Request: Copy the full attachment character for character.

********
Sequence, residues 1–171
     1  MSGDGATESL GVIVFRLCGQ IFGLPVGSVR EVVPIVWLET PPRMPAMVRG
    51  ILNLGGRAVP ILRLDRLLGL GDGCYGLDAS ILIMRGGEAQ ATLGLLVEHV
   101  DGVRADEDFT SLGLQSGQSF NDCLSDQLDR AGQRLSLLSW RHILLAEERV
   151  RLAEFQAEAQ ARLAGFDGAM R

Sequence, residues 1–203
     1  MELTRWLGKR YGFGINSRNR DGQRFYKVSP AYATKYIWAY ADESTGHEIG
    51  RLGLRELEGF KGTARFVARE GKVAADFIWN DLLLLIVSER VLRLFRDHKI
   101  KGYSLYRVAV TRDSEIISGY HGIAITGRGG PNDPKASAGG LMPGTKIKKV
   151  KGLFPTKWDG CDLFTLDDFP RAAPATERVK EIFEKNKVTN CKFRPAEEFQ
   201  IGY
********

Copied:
Sequence, residues 1–171
     1  MSGDGATESL GVIVFRLCGQ IFGLPVGSVR EVVPIVWLET PPRMPAMVRG
    51  ILNLGGRAVP ILRLDRLLGL GDGCYGLDAS ILIMRGGEAQ ATLGLLVEHV
   101  DGVRADEDFT SLGLQSGQSF NDCLSDQLDR AGQRLSLLSW RHILLAEERV
   151  RLAEFQAEAQ ARLAGFDGAM R

Sequence, residues 1–203
     1  MELTRWLGKR YGFGINSRNR DGQRFYKVSP AYATKYIWAY ADESTGHEIG
    51  RLGLRELEGF KGTARFVARE GKVAADFIWN DLLLLIVSER VLRLFRDHKI
   101  KGYSLYRVAV TRDSEIISGY HGIAITGRGG PNDPKASAGG LMPGTKIKKV
   151  KGLFPTKWDG CDLFTLDDFP RAAPATERVK EIFEKNKVTN CKFRPAEEFQ
   201  IGY